The Legal Writings (Counterparts and Delivery) (Scotland) Bill may not have been caught in your radar, if you think that you are unlikely to use counterpart execution of documents in your practice. But this Act (which has now been passed, and is likely to come into effect around June) does two things, as the parentheses in its title signpost.
As well as enabling the execution of documents in counterpart (that is in two or more duplicate, interchangeable parts), it separately provides for delivery of traditional documents by electronic means.
Delivery of traditional documents in Scotland poses problems in the modern commercial and domestic arena. For written contracts to be legally binding in Scotland, physical delivery must take place (postal acceptance rule excepted), whereas the vast majority of communication and correspondence among solicitors, and between solicitors and their clients, takes place via email. It is invariable practice to attach documents, either in Word or other suitable format, or pdf, to emails for speed and immediate "delivery". This does not however create the legally binding requirement for contract, which needs physical delivery. Until now.
The Legal Writings Act will give electronic delivery of traditional documents, signed with a wet signature, legally binding effect, and will be achieved by delivery by electronic means of a copy of the document, or a part of such a copy (provided the part is sufficient to show that it is part of the document, and is, or includes, the page on which the document has been signed).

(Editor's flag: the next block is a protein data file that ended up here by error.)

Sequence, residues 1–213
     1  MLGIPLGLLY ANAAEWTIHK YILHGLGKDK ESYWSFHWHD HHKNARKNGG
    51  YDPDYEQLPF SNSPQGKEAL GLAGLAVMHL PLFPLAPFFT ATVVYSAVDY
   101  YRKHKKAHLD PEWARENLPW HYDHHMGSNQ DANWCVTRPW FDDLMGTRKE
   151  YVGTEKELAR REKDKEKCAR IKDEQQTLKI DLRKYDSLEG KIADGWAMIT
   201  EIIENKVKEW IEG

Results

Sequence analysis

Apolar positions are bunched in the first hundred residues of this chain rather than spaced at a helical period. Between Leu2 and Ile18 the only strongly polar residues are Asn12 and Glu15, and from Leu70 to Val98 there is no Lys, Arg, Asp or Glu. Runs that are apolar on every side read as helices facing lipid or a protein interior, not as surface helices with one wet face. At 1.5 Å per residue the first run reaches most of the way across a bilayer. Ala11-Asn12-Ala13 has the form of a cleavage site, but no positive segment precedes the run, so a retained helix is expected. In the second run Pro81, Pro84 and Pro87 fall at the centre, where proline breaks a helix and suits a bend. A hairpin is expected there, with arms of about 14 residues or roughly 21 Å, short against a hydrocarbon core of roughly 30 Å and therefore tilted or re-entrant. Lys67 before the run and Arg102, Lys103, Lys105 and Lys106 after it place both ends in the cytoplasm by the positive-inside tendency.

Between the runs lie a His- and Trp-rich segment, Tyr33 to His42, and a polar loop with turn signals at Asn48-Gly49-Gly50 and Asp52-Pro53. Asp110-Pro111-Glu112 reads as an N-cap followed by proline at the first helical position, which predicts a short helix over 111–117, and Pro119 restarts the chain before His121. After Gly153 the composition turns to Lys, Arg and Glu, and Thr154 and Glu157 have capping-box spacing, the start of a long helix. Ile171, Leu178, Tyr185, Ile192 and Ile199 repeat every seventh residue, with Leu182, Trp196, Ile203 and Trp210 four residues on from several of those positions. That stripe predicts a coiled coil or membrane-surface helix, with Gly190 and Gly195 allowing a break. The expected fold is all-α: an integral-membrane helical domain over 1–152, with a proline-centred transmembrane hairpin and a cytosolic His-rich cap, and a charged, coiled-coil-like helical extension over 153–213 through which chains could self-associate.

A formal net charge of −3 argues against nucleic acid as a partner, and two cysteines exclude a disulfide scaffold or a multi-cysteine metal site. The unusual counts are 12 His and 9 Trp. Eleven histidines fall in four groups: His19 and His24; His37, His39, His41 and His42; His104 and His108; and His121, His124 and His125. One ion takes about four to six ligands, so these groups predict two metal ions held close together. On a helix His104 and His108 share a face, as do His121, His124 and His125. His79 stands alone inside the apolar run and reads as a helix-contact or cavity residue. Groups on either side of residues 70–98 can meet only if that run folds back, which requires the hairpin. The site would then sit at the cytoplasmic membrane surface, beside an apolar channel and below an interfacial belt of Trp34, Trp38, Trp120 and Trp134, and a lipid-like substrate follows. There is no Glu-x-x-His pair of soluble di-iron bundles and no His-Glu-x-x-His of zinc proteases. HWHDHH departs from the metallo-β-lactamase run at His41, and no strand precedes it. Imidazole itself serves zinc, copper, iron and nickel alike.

Delivery can be by any accepted method, although it is expected that email or fax will be the most common methods. So it will be possible actually to conclude binding missives by email. No undertakings will need to be given, nor will expensive courier delivery be required. It is less likely to be used for delivery of deeds at settlement, however, as registration will require the original document.
And it is important to note that while electronic delivery will constitute effective delivery of a traditional document, what is received electronically is not to be treated as being the traditional document itself. So for documents that need to be registered, for example, the principal version must be delivered for registration to take place. Missives letters should still be delivered for retention by the other side. The bill will however make the current practices of conveyancers now a legally accepted method of creating a binding contract.